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State Dept. says Congress's main role in the Iran nuke talks is to lift sanctions on Iran

State Dept. says Congress's main role in the Iran nuke talks is to lift sanctions on Iran

A top State Department official said Thursday that Congress doesn't have much of a role to play while officials negotiate a nuclear agreement with Iran, and that Congress would only have a role late in the process when it's time to lift U.S. sanctions against that country.

Deputy Secretary of State Antony Blinken also repeated the administration's line that Congress needs to stop interfering with the process as it continues, a reference to possible threats of new U.S. sanctions, and last week's critical letter from dozens of Senate Republicans.

Deputy Secretary of State Antony Blinken said Congress's role in the Iran nuclear talks will be to lift sanctions on Iran, but not much else. Image: AP Photo/Sergei Chuzavkov

"We do not believe that the country's interests are served by congressional attempts to weigh in prematurely on this sensitive and consequential ongoing international negotiation aimed at achieving a goal that we all share: using diplomacy to prevent Iran from developing a nuclear weapon," Blinken told the House Foreign Affairs Committee.

"While the negotiations are taking place, it is vital that we prevent any actions that would lead the world to believe the United States was responsible for their failure," he added. "Such actions include enacting new sanctions or other measures that will be incredibly damaging to ongoing negotiations."

Blinken said the time for Congress to get involved would be after the deal has been agreed, since U.S. sanctions against Iran will likely have to be lifted as part of the deal.

"[I]f a deal is finalized, Congress will certainly have a robust role to play in potentially taking action on future statutory sanctions relief once Iran has demonstrated a track record of living up to its commitments," he said.

Additionally, he said the administration's preference is to send the deal to the United Nations, which could then put in place a plan for dropping U.N. sanctions against Iran.

"It would be normal for the Security Council to take note of any agreement, and then to create a basis for lifting the U.N.-related sanctions," he said. "Just as Congress will eventually have to decide whether to lift U.N. sanctions."

As expected, Blinken's testimony didn't sit well with Republicans or Democrats on the committee. Chairman Ed Royce (R-Calif.) said the Obama administration has failed to live up to Secretary of State John Kerry's promise to work more closely with Congress.

"As Secretary Kerry testified not long ago, any agreement will have to pass muster with Congress," Royce said.

"Yet that commitment has been muddied by the administration's insistence in recent weeks that Congress not play a role," he added. "That's not right. Congress built the sanctions structure that brought Iran to the table. And if the president moves to dismantle it, we will have a say."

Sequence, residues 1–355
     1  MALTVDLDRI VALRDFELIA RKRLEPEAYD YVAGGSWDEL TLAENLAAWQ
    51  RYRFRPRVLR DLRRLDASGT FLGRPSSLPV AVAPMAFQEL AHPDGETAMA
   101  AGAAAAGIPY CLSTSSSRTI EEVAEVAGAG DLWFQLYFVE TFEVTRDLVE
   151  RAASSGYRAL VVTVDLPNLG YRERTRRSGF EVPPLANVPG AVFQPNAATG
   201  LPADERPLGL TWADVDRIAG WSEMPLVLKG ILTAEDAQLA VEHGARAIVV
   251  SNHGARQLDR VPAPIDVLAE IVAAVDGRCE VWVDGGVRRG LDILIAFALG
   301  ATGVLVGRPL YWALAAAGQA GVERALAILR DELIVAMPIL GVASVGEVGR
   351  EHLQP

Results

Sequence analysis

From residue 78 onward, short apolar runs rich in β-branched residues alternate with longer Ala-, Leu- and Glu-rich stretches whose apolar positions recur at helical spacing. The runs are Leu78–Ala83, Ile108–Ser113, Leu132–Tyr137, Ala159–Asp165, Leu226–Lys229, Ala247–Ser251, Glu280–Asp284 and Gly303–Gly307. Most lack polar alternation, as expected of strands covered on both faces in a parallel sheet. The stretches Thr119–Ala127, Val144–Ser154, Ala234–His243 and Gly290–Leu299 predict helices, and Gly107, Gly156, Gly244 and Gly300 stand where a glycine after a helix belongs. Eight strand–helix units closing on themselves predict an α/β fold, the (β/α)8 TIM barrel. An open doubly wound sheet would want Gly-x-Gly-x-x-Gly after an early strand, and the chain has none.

The top Democrat on the committee, Rep. Eliot Engel (D-N.Y.), agreed with Royce, and said Congress won't accept being pushed to the side.

"I will not stand by and allow Congress to be marginalized," Engel said. "Any permanent repeal of sanctions is by law Congress's discretion, and before we do that, we must be completely convinced that this deal blocks all of Iran's pathways to a nuclear bomb."

Royce added that the administration should send the deal to the Senate for it to be ratified before that takes place. He said it the deal is big enough to go to the U.N., "then it would certainly be consequential enough to be submitted to the Senate for advice and consent."

But Blinken didn't answer that directly, which prompted Royce to indicate he disagrees with the apparent plan to come to Congress last, years after the deal has been struck, to ask it to lift U.S. sanctions against Iran.

"Suggesting that Congress has a role to play by voting on sanctions relief years from now, once a deal has run its course, that to me is disingenuous," he said.

The talks between the U.S., Iran and other countries are entering their final phase, and negotiators are hoping to reach a framework agreement by the end of March. But many critics of the emerging deal say it would let Iran keep too much of its nuclear infrastructure intact, and could let them move toward a nuclear bomb again in just ten years.

Blinken argued that this is not the case, and that the administration is looking for an agreement that would put some permanent limits on Iran's nuclear program. But he said repeatedly that no deal is in place yet, making it impossible for him to cite details.

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